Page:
The Vance-Owen Plan

Bosnia and Herzegovina
Yugoslavia (former)
Europe and Eurasia
Agreement name
The Vance-Owen Plan
Agreement status
Multiparty signed/agreed
Interim arrangement
Agreement/conflict level
Intrastate/intrastate conflict (Balkan Conflicts (1991 - 1995) (1998 - 2001)
Former Yugoslavia

The disintegration of former Yugoslavia post cold war saw conflicts which became mediated and produced peace agreements in Slovenia (where the brief independence conflict was mediated by the EC Troika in 1991), Croatia (between Croatian and Serb populations 1991-1995), in Bosnia (between Croatian, Serb and Bosniak populations 1992-1995), in Macedonia (where mediation played a key pre-emptive role in preventing large scale conflict in 2001), in Kosovo (between Kosovar Albanians and Serbian population and the Federal Republic of Yugoslavia (FRY), but also between FRY and NATO, 1998-1999), and a conflict in the Presevo Valley (between Albanians in South Serbia and FRY, 2000-2001). The continued fall-out of the disintegration of former Yugoslavia also saw mediated agreement and ultimate dissolution of the Union between Serbia and Montenegro.


In 1991, after nationalist parties won the first multi-party elections in the Socialist Federal Republic of Yugoslavia, a violent process of disintegration commenced. With its mixed population, Bosnia-Herzegovina became the centre of the following civil war that began in 1992 between the newly formed army of the Republic of Bosnia and Herzegovina (mostly Muslim Bosniacs), and the parastatal forces of self-declared Bosnian Croat (Herzeg-Bosnia) and Bosnian Serb (Republika Srpska) entities within Bosnia-Herzegovina, supported by Croatia and Serbia, with various, often short-lived, coalitions. The General Framework Agreement (Dayton Peace Agreement), signed in 1995, split the country into two ethno-federal entities, the Bosniak-Croat Federation and the Republika Srpska, and included continued peacekeeping and institutional administration by international actors.


The conflict between Serbs and Kosovar Albanians has a long history and always involved territorial disputes as well as ethno-political, cultural and linguistic factors. The most recent phase of the conflict began in November 1997 when the Albanian Kosovo Liberation Army (KLA or UCK) began their campaign for the independence of Kosovo from the Federal Republic of Yugoslavia (FRY – then Serbia and Montenegro). The subsequent war lasted until the NATO intervention, which undertook bombing campaigns of Belgrade and other places in Serbia during spring 1999. The main agreements solving the conflict were internationally driven and, finally, a UNSC resolution imposed a post-conflict arrangement in the wake of what was essentially a NATO military victory. In February 2008, Kosovo’s parliament declared independence, but independence is still internationally disputed.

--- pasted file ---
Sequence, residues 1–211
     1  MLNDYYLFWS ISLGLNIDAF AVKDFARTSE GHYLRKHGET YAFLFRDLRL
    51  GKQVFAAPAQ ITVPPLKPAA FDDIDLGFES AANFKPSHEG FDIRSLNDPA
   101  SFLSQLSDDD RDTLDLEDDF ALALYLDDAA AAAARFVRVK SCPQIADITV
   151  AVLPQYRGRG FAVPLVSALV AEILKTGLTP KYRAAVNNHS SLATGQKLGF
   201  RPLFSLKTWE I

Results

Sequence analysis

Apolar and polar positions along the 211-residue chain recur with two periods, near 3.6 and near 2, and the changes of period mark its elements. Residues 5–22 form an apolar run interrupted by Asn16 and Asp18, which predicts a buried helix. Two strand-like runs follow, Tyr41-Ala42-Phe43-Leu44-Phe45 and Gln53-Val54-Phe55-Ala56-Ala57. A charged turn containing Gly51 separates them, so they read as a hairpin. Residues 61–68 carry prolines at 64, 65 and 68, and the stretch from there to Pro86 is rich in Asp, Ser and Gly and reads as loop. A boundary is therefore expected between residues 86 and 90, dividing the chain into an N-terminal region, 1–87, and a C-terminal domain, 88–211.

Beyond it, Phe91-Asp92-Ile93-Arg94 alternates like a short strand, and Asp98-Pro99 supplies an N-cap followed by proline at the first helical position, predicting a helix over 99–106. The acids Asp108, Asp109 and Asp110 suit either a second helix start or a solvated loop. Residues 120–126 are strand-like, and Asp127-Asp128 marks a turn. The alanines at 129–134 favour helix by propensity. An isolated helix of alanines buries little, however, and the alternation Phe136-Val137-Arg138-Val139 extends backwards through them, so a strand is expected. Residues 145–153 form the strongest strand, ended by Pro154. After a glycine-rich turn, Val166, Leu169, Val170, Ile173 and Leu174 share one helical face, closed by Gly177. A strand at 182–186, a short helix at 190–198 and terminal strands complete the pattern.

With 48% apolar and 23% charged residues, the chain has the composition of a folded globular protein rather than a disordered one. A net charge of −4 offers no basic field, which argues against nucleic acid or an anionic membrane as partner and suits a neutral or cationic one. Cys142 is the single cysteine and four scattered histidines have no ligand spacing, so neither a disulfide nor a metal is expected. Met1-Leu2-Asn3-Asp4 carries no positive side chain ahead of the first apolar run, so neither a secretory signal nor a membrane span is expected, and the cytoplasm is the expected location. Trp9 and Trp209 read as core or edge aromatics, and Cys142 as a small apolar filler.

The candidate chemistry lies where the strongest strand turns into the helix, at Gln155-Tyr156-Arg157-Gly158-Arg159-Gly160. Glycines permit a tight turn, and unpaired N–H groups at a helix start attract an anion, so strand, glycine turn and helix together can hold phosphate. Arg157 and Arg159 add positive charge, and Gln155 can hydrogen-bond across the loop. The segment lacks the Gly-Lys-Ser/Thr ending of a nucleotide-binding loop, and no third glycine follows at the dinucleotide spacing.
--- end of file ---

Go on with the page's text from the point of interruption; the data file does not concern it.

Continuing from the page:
Balkan Conflicts (1991 - 1995) (1998 - 2001) )
Framework/substantive - comprehensive (Agreement)
Conflict nature
Peace process
125: Bosnia peace process
Alija Izetbegovic; Radovan Karadzic; Mate Boban
Third parties
C.R. Vance; David Owen
Also known as the Vance-Owen Peace Plan, this agreement sets out the principles for forthcoming negotiations in Geneva. It is comprised of two short, signed agreements, and several annexes: Agreement Relating to Bosnia and Herzegovina; Agreement for Peace in Bosnia and Herzegovina; Annex I: Cessation of Hostilities; Annex II: Restoration of Infrastructure; Annex III: Opening of Routes; Annex IV: Separation of Forces; Annex V: Demilitarisation of Sarajevo; Annex VI: Monitoring of Borders; Return of Forces to Designated Provinces. An additional annex was created 'Agreement on interim arrangements' which was included as part of the ultimate plan. The agreement was signed by Mate Boban and Alija Izetbegovic on 25/03/1993, but Radovan Karadzic made his agreement suspensive on the support of the Assembly of the Republika Srpska, which ultimately was not forthcoming. This version of the agreement comprises the Vance-Owen Plan of January 1993, with the additional 'agreement/annex' of 25/03/1993, as signed by Karadzic on 02/03/1993.

Agreement document
BA_930502_The Vance-Owen Plan.pdf []

Main category
Page 8, Appendix, Sarajevo "blue route" concept, Outline plan for blue routes, 1. Execution, 1.2 Use of the blue routes, 1.2.2 Access for civilians
All civilians, regardless of sex, age, or ethnic origin, and without weapons or ammunition, will be allowed to use the routes...

Women, girls and gender

No specific mention.
Equality (general)
Page 6, Appendix: Sarajevo "Blue Route" Concept, Article 1.2.2
All civilians, regardless of sex, age, or ethnic origin, and without weapons or ammunition, will be allowed to use the routes.
Particular groups of women
No specific mention.
International law
No specific mention.
New institutions
No specific mention.
Violence against women
No specific mention.
Transitional justice
No specific mention.
Institutional reform
No specific mention.
No specific mention.
No specific mention.
No specific mention.

The University of Edinburgh